Albert Einstein (German: IPA: [ˈalbɐt ˈaɪ̯nʃtaɪ̯n] (Audio file) (help•info); English: IPA: /ˈælbɝt (-ət) ˈaɪnstaɪn/) (14 March 1879 18 April 1955) was a German-born theoretical physicist. He is best known for his theory of relativity and specifically mass energy equivalence, expressed by the equation E = mc2. Einstein received the 1921 Nobel Prize in Physics "for his services to Theoretical Physics, and especially for his discovery of the law of the photoelectric effect."
Einstein's many contributions to physics include his special theory of relativity, which reconciled mechanics with electromagnetism, and his general theory of relativity, which was intended to extend the principle of relativity to non-uniform motion and to provide a new theory of gravitation. His other contributions include advances in the fields ofrelativistic cosmology, capillary action, critical opalescence, classical problems ofstatistical mechanics and their application to quantum theory, an explanation of theBrownian movement of molecules, atomic transition probabilities, the quantum theory of amonatomic gas, thermal properties of light with low radiation density (which laid the foundation for the photon theory), a theory of radiation including stimulated emission, the conception of a unified field theory, and the geometrization of physics.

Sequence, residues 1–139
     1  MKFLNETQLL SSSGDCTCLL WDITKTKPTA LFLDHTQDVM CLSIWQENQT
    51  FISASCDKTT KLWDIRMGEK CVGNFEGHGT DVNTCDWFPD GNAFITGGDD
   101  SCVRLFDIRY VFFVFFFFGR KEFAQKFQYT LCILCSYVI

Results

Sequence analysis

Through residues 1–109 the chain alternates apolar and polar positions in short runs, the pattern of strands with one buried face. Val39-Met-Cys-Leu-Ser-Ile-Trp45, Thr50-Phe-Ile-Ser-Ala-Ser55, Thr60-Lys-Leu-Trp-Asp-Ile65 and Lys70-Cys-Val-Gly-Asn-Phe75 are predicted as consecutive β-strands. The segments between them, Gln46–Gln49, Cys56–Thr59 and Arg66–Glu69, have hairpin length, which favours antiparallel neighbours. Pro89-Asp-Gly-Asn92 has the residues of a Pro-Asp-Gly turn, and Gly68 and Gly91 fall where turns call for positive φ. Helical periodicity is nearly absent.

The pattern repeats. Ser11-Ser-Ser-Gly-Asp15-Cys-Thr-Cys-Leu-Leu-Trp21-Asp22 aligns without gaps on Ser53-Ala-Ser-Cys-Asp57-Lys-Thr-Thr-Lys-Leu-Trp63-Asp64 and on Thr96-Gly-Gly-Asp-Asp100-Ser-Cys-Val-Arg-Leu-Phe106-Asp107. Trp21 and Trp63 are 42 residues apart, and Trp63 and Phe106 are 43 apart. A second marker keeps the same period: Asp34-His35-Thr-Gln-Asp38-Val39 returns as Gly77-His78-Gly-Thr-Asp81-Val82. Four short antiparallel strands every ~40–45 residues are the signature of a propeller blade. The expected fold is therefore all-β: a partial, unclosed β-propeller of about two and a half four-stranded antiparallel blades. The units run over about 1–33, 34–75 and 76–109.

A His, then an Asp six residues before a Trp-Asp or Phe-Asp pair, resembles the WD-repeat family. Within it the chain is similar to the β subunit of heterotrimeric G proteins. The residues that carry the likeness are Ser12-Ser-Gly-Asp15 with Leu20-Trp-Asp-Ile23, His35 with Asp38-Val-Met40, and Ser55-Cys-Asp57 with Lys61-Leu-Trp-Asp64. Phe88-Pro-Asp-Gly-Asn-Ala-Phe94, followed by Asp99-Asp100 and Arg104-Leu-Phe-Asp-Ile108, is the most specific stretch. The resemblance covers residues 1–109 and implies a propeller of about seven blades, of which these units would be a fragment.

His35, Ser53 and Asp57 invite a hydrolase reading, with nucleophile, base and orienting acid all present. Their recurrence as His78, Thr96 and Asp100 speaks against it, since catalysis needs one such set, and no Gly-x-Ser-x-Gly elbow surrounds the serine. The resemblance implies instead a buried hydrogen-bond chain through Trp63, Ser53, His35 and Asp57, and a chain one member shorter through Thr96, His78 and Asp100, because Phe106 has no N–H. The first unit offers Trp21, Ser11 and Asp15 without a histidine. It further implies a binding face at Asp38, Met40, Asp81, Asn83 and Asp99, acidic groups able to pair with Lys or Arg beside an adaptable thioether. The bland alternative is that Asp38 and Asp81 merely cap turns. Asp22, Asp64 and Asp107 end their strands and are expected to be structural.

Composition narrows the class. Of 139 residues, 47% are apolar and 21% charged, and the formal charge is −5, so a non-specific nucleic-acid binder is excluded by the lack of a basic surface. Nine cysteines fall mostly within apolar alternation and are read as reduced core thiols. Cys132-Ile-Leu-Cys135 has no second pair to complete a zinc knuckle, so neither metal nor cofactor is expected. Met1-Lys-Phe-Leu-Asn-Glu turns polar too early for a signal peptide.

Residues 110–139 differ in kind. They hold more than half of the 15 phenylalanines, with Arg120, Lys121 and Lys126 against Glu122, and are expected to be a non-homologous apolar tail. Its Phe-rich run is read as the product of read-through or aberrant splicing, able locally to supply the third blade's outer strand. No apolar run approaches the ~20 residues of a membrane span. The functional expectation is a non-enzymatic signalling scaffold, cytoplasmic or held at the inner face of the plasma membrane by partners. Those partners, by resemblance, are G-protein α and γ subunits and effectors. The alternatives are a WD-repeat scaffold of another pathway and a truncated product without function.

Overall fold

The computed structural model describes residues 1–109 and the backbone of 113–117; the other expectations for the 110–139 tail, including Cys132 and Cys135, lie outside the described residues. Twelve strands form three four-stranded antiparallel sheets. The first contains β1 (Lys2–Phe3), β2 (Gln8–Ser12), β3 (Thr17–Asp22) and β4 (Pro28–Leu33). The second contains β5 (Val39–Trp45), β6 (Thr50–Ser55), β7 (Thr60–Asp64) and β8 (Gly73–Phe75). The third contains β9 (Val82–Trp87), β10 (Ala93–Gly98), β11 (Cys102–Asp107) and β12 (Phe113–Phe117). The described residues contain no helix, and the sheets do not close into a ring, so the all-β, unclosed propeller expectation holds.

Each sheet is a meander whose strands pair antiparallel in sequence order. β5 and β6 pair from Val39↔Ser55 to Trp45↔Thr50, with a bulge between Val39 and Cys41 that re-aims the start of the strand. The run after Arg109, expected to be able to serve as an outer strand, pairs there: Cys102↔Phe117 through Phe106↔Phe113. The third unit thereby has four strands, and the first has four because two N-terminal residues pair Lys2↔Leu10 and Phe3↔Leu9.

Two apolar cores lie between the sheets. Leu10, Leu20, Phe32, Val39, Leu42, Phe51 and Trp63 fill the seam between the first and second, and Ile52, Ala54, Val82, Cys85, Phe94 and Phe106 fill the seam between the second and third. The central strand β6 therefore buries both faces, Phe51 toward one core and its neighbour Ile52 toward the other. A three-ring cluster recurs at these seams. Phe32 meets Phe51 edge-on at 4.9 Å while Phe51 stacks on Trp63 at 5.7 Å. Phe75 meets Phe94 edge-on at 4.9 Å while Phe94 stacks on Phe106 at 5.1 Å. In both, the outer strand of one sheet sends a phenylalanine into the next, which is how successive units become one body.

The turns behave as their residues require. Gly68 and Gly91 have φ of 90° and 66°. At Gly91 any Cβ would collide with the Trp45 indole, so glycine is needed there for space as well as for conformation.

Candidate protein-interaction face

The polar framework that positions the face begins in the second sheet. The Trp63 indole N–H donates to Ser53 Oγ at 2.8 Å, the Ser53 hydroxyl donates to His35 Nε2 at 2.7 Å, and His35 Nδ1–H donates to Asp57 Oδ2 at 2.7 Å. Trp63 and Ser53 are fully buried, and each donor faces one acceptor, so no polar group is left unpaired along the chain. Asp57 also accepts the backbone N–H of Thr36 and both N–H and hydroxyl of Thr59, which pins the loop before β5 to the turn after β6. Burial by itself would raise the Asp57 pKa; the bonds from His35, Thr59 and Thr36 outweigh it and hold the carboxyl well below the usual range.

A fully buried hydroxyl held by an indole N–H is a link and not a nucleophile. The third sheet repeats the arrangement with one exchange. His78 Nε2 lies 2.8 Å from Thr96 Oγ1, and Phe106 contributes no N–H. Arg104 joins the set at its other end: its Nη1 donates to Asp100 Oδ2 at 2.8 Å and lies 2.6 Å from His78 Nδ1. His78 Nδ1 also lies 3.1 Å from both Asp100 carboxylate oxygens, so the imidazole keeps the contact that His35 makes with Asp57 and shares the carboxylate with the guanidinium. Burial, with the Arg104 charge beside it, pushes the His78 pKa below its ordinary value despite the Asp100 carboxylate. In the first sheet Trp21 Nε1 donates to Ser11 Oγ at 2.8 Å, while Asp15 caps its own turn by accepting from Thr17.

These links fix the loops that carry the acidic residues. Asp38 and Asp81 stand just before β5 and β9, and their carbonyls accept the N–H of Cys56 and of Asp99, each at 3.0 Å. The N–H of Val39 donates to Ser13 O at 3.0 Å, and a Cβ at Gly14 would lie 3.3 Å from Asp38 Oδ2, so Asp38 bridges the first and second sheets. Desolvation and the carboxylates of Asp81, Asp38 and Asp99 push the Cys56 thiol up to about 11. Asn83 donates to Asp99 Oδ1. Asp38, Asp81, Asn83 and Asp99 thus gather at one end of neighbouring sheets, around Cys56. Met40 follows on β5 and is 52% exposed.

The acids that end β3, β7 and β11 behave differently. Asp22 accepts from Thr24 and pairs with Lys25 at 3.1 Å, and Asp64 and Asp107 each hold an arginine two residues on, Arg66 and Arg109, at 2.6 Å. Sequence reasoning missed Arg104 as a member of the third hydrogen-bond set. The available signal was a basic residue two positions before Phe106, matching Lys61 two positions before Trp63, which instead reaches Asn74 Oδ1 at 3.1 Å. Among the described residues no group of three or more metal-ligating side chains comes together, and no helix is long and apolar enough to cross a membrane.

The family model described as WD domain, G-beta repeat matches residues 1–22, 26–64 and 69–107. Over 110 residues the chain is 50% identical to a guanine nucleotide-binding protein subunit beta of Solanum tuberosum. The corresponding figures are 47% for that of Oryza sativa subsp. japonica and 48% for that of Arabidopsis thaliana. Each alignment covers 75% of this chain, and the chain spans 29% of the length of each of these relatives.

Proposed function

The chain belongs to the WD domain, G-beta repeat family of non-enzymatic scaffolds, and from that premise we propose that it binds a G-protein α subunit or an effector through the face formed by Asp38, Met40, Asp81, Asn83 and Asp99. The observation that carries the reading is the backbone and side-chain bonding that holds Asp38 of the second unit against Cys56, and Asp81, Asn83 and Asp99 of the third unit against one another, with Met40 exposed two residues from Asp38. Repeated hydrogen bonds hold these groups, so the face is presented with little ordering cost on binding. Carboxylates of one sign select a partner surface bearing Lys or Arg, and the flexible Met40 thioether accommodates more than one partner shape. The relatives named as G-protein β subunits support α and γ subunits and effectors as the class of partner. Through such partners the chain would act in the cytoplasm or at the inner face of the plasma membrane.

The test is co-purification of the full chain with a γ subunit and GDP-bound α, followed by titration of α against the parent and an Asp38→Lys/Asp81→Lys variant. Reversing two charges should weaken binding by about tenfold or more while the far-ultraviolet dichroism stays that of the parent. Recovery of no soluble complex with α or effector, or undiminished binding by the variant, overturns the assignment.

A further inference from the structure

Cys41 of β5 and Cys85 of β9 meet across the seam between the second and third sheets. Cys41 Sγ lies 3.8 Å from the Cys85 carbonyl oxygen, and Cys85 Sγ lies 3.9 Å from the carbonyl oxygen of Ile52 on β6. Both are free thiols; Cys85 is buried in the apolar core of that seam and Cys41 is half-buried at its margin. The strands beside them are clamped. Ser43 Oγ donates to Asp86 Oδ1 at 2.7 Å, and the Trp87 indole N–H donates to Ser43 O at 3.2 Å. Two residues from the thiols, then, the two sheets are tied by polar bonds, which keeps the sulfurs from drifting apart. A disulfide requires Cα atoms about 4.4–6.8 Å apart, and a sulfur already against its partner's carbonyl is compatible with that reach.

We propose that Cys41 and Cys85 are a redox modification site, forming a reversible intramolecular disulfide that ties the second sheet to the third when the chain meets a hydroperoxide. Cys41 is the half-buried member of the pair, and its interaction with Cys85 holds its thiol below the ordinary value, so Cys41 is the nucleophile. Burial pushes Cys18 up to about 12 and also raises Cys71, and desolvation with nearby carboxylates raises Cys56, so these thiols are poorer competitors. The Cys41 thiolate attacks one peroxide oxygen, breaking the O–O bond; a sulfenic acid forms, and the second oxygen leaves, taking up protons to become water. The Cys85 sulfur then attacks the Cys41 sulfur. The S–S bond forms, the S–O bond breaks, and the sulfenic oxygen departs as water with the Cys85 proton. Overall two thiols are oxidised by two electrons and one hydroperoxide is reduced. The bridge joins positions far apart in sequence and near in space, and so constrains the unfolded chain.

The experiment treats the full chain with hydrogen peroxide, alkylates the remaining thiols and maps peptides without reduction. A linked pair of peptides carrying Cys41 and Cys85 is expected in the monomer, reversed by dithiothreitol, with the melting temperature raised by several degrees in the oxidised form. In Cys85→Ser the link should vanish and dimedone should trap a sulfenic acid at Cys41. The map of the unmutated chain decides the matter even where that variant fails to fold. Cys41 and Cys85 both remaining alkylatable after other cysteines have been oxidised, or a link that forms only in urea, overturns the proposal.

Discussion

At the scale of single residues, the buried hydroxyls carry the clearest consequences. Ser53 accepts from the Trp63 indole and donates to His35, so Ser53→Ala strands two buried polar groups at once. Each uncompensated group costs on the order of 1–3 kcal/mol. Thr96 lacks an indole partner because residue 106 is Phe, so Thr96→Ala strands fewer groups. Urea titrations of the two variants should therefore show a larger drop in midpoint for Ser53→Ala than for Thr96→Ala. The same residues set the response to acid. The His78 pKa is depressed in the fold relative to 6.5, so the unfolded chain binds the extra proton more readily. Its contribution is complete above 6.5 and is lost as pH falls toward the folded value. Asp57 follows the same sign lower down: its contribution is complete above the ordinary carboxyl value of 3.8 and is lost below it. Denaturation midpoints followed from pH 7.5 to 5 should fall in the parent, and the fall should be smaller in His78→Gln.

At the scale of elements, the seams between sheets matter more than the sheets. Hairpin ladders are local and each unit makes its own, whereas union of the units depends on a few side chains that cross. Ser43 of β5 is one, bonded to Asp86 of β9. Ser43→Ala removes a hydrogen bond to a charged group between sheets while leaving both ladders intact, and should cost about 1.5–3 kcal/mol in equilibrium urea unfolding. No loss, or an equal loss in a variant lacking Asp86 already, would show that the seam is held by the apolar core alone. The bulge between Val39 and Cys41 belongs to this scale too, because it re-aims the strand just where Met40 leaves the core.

Einstein published over 300 scientific works and over 150 non-scientific works. In 1999 Time magazine named him the "Person of the Century". In wider culture the name "Einstein" has become synonymous with genius, and he has since been regarded as one of the most influential people in human history.
Albert Einstein was born into a Jewish family in Ulm, in the Kingdom of Württemberg in the German Empire on 14 March 1879. His father was Hermann Einstein, a salesman and engineer. His mother was Pauline Einstein (née Koch). In 1880, the family moved toMunich, where his father and his uncle founded a company, Elektrotechnische Fabrik J....